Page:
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  • Schools2030 is a new 10 year longitudinal learning improvement programme working with 1,000 schools across 10 countries, including Afghanistan, Pakistan, Tajikistan, Kyrgyzstan, Portugal, Kenya, Uganda, Tanzania, Brazil, and India. The programme gives the next generation of children and young people the knowledge, skills, attitudes and values to interact effectively with the world and become contributing members of society.
    AKDN / Christopher Wilton-Steer
Aga Khan Foundation
Finding what “works” during the crisis

The COVID-19 crisis has affected families, children and educators particularly hard. Parents have now been burdened with the responsibility of meeting their children’s educational needs. This burden has been hardest among marginalised communities. Schools2030 – a flagship programme for the Aga Khan Foundation (AKF) and a coalition of eight other private foundations – is responding to the crisis. 

At the heart of this endeavour is listening and learning to frontline educators about “what works” and “why”. AKF has responded with two concrete steps.

First, in partnership with its sister agencies the Aga Khan Education Services and Aga Khan Academies, AKF developed and shared a global review of available tips, recommendations and offline/online learning resources to support families and educators to help children learn during school closures. The resources were shared across the Schools2030 geographies and with in-country partners. These resources can be accessed here: Education Resources during COVID-19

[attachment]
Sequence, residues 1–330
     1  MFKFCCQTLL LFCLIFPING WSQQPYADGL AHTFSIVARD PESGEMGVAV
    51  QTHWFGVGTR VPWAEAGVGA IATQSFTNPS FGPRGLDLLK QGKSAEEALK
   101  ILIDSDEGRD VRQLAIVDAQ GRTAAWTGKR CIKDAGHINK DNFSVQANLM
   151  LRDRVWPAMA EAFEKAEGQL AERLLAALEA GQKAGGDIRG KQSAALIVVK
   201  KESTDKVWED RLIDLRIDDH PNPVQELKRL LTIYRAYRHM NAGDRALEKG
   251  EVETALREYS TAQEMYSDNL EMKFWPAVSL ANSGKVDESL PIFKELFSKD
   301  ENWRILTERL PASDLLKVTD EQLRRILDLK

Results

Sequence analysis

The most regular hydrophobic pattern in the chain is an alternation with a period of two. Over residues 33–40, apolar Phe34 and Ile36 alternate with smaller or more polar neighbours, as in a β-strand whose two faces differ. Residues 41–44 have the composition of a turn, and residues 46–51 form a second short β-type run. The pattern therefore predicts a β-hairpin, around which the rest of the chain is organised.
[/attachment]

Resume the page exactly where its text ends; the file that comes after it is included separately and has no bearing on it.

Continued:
Second, to search for and develop local solutions to teaching and learning during COVID-19 that would supplement the global review and materials, AKF and the Schools2030 coalition hosted a number of virtual Human Centred Design (HCD) sessions over several weeks.

In March 2020, AKF led the first Schools2030 HCD training session in Nairobi for partners in Kenya, Uganda and Tanzania, who were tasked with using design thinking across the schools to co-create new solutions to improve holistic learning outcomes for children. Global experts in design thinking, Katie Krummeck and Gray Garmon, co-led the design of the Schools2030 Design Thinking Toolkits. Roll-out across the remaining Schools2030 geographies was planned for the weeks that followed.

As COVID-19 forced educators to think of how schooling might work, representatives from the 10-country coalition engaged in one of the most important design thinking challenges of our time: “How do we continue to provide quality education for all during and after COVID-19?”

Addressing teaching and learning concerns

To find answers to this, AKF has been hosting initial online “sprint design” sessions for staff and partners of Schools2030 to engage in virtual HCD exercises with the specific aim of addressing the teaching and learning concerns that have now arisen from this unprecedented crisis.

A variety of issues became apparent straight away. Among them: concern for the mental health of families struggling to adapt to these new circumstances; fear for those students who were verging on dropping out; how to know if the children are making the progress that would otherwise be monitored at school; and importantly, how to reach those students whose families do not have access to computers or the internet. A number of recommendations were adopted and are now available through: Education Resources during COVID-19